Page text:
US chip maker Intel ready to use ‘somebody else’s foundry’

One of the world's largest semiconductor firms is being forced to break with half a century of in-house production.
28 July 2020

Intel Chief Executive Officer Bob Swan (L). Source: AFP

  • Intel saw stock plummet last week as CEO announced plans to outsource chip production
  • The firm has long leveraged its in-house design and production as a market differentiator
  • Production may be outsourced to Taiwan Semiconductor Manufacturing Co

The CEO of the world’s second largest semiconductor makers knocked US$40 billion off its market value last week.

Intel CEO Bob Swan announced that the firm would consider outsourcing the production of its own chips. And while that’s not remarkable for the US$400 billion global semiconductor market, it would break from 50-years of in-housed chip design and production – and the end of a legacy which has served as a key differentiator in a hotly-competitive market.

In a conference call that saw Intel’s share price drop by 18% Friday, Swan told analysts that Intel would be prepared to “use somebody else’s process technology” as part of “contingency plans”.

“That gives us much more optionality and flexibility. So in the event there is a process slip, we can try something rather than make it all ourselves,” he said.

The statement followed confirmation of delays to production processes, that will see the roll-out of its 7-nanometer chip technology backed up by a year, probably more. Intel’s current best technology – 10-nanometer – was supposed to appear in 2017, but is only just creaking its way into wide scale production now.

If production of 7-nanometer chips is delayed by 1 – 2 years, Taiwan Semiconductor Manufacturing Co (TSMC) and Samsung would already be fabricating 5-nanometer chops, with higher density and lower energy use.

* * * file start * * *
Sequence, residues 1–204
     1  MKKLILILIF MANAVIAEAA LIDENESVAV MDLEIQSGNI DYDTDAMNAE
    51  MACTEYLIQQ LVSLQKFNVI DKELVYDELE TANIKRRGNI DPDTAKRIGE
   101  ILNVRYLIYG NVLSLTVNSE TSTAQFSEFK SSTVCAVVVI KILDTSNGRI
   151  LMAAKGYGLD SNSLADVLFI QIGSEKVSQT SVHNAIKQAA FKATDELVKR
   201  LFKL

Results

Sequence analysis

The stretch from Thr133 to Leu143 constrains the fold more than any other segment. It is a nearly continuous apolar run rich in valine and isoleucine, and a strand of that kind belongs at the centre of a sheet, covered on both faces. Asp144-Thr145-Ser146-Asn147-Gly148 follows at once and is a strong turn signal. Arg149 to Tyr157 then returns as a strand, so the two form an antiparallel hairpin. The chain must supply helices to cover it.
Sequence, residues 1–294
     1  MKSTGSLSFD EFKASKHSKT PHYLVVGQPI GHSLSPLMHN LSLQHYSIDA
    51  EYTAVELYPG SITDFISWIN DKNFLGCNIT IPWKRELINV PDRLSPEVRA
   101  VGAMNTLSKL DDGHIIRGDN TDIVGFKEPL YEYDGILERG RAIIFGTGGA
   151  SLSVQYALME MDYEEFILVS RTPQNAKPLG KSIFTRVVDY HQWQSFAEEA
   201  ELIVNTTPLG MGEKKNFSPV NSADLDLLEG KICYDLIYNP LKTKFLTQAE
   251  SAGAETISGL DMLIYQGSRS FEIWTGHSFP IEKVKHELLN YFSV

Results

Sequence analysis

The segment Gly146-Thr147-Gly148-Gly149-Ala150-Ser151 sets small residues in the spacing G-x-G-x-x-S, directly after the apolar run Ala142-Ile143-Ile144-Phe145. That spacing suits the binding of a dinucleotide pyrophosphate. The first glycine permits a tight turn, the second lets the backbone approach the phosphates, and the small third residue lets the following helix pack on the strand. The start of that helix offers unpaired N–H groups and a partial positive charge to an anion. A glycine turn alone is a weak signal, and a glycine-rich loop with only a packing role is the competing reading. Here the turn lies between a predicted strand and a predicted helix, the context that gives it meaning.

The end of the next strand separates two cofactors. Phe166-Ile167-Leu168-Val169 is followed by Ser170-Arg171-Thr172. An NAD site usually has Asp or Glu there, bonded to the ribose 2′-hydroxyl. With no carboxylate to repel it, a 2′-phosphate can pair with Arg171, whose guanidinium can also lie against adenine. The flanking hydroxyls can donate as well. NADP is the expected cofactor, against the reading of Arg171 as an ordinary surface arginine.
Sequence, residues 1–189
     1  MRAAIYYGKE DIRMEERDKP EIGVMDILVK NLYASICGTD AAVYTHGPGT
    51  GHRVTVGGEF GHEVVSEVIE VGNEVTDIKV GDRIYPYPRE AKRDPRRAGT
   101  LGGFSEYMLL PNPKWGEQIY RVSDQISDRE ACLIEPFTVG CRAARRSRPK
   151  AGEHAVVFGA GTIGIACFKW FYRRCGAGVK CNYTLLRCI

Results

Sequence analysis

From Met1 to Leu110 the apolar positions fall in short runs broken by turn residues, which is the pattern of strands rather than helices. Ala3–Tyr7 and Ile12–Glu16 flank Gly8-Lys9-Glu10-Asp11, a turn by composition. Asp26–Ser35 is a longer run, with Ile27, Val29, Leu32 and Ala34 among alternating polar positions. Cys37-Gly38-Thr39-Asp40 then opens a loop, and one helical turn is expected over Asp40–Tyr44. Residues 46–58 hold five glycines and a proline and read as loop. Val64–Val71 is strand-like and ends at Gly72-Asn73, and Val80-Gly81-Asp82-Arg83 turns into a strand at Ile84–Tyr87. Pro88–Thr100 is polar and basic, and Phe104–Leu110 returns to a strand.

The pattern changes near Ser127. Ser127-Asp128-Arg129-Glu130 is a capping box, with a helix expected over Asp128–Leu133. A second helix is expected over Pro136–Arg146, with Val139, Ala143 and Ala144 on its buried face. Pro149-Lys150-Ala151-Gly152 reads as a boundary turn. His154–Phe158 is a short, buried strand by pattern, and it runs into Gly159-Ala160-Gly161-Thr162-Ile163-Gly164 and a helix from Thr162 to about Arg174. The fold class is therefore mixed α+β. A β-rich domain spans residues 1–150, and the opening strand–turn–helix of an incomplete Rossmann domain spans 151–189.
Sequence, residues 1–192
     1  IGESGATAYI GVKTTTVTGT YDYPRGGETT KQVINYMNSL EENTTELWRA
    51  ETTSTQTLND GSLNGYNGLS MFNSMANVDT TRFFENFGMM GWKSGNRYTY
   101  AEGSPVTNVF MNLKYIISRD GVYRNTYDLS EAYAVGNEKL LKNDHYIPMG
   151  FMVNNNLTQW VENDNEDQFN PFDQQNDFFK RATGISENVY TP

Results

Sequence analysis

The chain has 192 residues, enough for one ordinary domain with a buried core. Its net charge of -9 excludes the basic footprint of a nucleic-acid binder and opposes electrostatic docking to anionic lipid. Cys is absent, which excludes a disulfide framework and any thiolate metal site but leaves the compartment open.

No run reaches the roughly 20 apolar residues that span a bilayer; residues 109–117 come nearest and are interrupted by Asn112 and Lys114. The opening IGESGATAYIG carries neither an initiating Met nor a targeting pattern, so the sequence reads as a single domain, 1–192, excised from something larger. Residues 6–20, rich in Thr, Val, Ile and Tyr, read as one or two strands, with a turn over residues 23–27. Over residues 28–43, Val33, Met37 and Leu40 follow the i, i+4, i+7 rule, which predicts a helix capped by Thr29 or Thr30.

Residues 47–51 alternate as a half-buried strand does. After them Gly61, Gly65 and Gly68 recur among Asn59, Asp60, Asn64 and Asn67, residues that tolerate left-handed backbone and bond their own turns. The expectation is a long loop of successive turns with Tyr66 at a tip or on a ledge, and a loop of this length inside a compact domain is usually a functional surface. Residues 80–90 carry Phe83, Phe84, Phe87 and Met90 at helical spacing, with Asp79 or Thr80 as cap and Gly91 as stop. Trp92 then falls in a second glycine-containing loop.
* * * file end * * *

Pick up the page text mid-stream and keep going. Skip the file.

However, since Swan’s words, Taiwan’s Commercial Times has reported the first stage of Intel’s contingency plans are in effect. The firm has allegedly ordered 180,000 wafers from TSMC to produce its own 6-nanometer chips for next year. However, it was not clear who would be manufacturing the much delayed, 7-nanometer chip.

TSMC focuses on production alone, and its factories now outperform Intel’s, allowing more direct rivals such as Advanced Micro Devices (AMD) to catch up with Intel on performance.

And while TSMC is already providing the likely choice, Intel will be competing with TSMC’s own customers for attention, including Apple, Qualcomm, AMD and Nvidia, and that’s only if the Taiwanese firm is prepared to expand its production facilities.

Intel on the back foot

Intel’s announcement – pretty simply, that it’s struggling to produce chips, and the technology it’s working with is already obsolete compared to Asian market rivals – calls into question the United States’ efforts to bring critical manufacturing back to the country, including successful lobbying by US semiconductor technology companies themselves to secure subsidies for chip production on home soil.

Two days before Swan’s announcement, the US House of Representatives passed an amendment to the National Defense Authorization Act providing federal subsidies for semiconductor manufacturing.

On the amendment, the Semiconductor Industry Association said: “Congress has a strategic opportunity to strengthen US semiconductor manufacturing and research, two crucial drivers of America’s economic strength, national security, and supply chain resilience. Today’s votes are important steps in the right direction and show there is broad, bipartisan support in Congress for bold semiconductor manufacturing incentives and research investments.”

Days after Swan said Intel’s plants were not currently up to the task, Intel cut loose chief engineering officer Murthy Renduchintala, the executive in charge of its chip design and manufacturing operations. A statement read that changes were to “accelerate product leadership and improve focus and accountability in process technology execution.”

Renduchintala was poached from Qualcomm in February 2016 and put in charge of design, engineering and manufacturing of Intel’s chips, under the firm’s Technology, Systems Architecture and Client Group. That arm will now be split up into multiple teams, all reporting directly to Swan.